Changes in the Serum Cholesterol and Blood Clotting Time in Men Subjected to Cyclic Variation of Occupational Stress
Accountants were selectively chosen as a self-controlled group for studying effects of cyclic occupational stress upon serum cholesterol and blood clotting time, since their routine work schedule is interrupted by urgent tax deadlines, associated with severe occupational stress. Forty male accountants (age 28 to 56) were bled biweekly for serum cholesterol and monthly for blood clotting time from January to June 1957. Complete records also were kept of weight, exercise, diet, relative work load, and any exposure to unusual avocational stress. When studied individually, each subject's highest serum cholesterol consistently occurred during severe occupational or other stress, and his lowest at times of minimal stress. The results could not be ascribed to any changes of weight, exercise, or diet. Marked acceleration of blood clotting time consistently occurred at the time of maximum occupational stress, in contrast to normal blood clotting during periods of respite. The possible implications of these results are discussed in relation to the problem of clinical coronary artery disease.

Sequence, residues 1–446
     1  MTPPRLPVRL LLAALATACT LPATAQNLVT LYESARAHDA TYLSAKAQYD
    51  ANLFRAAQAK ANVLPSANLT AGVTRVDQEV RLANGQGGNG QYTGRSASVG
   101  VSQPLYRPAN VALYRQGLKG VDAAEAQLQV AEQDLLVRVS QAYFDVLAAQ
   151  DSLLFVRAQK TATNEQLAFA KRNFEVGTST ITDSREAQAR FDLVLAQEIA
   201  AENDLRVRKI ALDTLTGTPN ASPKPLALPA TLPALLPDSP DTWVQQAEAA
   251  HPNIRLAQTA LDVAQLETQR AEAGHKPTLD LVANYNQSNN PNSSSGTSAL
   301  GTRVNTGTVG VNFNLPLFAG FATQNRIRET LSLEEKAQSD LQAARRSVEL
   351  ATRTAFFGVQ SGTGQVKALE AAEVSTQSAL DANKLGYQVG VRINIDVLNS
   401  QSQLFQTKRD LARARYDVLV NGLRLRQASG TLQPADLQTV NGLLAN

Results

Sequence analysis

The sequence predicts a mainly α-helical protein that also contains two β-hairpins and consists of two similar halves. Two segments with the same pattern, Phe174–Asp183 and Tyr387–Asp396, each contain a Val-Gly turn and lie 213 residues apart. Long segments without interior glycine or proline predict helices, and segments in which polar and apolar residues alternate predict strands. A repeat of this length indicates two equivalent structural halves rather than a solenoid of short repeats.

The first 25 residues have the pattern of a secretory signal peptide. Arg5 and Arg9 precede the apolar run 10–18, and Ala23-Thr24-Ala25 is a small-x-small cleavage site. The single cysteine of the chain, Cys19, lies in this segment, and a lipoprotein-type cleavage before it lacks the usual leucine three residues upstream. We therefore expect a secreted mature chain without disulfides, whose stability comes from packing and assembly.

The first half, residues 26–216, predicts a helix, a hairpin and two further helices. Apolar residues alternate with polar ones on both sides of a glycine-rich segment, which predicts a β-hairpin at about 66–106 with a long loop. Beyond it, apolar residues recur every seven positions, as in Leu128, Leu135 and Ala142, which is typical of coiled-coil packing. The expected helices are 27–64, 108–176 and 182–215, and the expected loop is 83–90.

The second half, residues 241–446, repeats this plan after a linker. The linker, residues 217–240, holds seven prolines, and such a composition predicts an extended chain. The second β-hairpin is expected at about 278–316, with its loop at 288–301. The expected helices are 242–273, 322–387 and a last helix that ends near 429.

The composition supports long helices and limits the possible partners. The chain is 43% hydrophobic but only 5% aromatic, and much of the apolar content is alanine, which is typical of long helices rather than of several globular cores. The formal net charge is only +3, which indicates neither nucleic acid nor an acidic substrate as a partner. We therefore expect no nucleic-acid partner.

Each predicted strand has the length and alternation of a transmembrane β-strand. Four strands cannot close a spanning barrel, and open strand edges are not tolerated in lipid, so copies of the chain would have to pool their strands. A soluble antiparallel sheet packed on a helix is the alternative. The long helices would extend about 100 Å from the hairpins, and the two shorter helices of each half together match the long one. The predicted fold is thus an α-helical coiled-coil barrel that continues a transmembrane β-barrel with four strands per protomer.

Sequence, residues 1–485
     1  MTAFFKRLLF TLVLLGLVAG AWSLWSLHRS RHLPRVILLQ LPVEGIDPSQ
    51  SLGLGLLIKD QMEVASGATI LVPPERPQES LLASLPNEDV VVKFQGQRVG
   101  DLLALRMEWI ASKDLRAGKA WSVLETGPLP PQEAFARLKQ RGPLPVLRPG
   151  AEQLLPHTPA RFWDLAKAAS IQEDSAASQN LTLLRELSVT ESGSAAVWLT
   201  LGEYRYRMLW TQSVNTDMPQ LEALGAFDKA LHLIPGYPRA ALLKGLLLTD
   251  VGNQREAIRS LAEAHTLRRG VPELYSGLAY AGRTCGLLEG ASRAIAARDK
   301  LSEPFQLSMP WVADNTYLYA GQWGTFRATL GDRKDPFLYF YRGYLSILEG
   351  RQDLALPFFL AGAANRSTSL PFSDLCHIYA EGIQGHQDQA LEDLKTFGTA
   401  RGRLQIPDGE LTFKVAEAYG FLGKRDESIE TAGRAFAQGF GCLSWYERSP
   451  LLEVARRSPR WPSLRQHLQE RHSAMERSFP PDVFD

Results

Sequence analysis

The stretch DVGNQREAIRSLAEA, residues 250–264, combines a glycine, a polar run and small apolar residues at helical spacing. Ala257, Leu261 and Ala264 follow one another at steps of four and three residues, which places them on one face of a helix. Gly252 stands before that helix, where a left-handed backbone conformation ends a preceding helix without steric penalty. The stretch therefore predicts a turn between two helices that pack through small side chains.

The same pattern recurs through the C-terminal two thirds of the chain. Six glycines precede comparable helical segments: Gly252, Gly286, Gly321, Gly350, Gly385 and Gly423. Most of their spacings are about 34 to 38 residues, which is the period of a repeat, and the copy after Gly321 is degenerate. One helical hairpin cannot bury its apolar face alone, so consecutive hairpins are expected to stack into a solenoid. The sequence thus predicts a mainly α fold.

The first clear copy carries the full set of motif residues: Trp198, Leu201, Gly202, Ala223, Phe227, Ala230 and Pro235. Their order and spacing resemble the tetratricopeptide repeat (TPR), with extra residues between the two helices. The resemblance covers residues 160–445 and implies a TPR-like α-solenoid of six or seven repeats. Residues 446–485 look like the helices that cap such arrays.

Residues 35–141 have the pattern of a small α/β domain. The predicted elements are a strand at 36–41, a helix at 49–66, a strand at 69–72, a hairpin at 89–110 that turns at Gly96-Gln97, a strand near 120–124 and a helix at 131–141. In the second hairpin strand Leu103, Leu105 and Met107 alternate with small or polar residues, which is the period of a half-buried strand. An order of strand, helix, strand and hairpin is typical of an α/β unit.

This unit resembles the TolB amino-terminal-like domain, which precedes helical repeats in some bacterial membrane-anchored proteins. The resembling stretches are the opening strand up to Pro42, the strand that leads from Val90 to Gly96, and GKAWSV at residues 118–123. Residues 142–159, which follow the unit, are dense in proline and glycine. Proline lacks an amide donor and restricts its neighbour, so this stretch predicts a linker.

- © 1958 American Heart Association, Inc.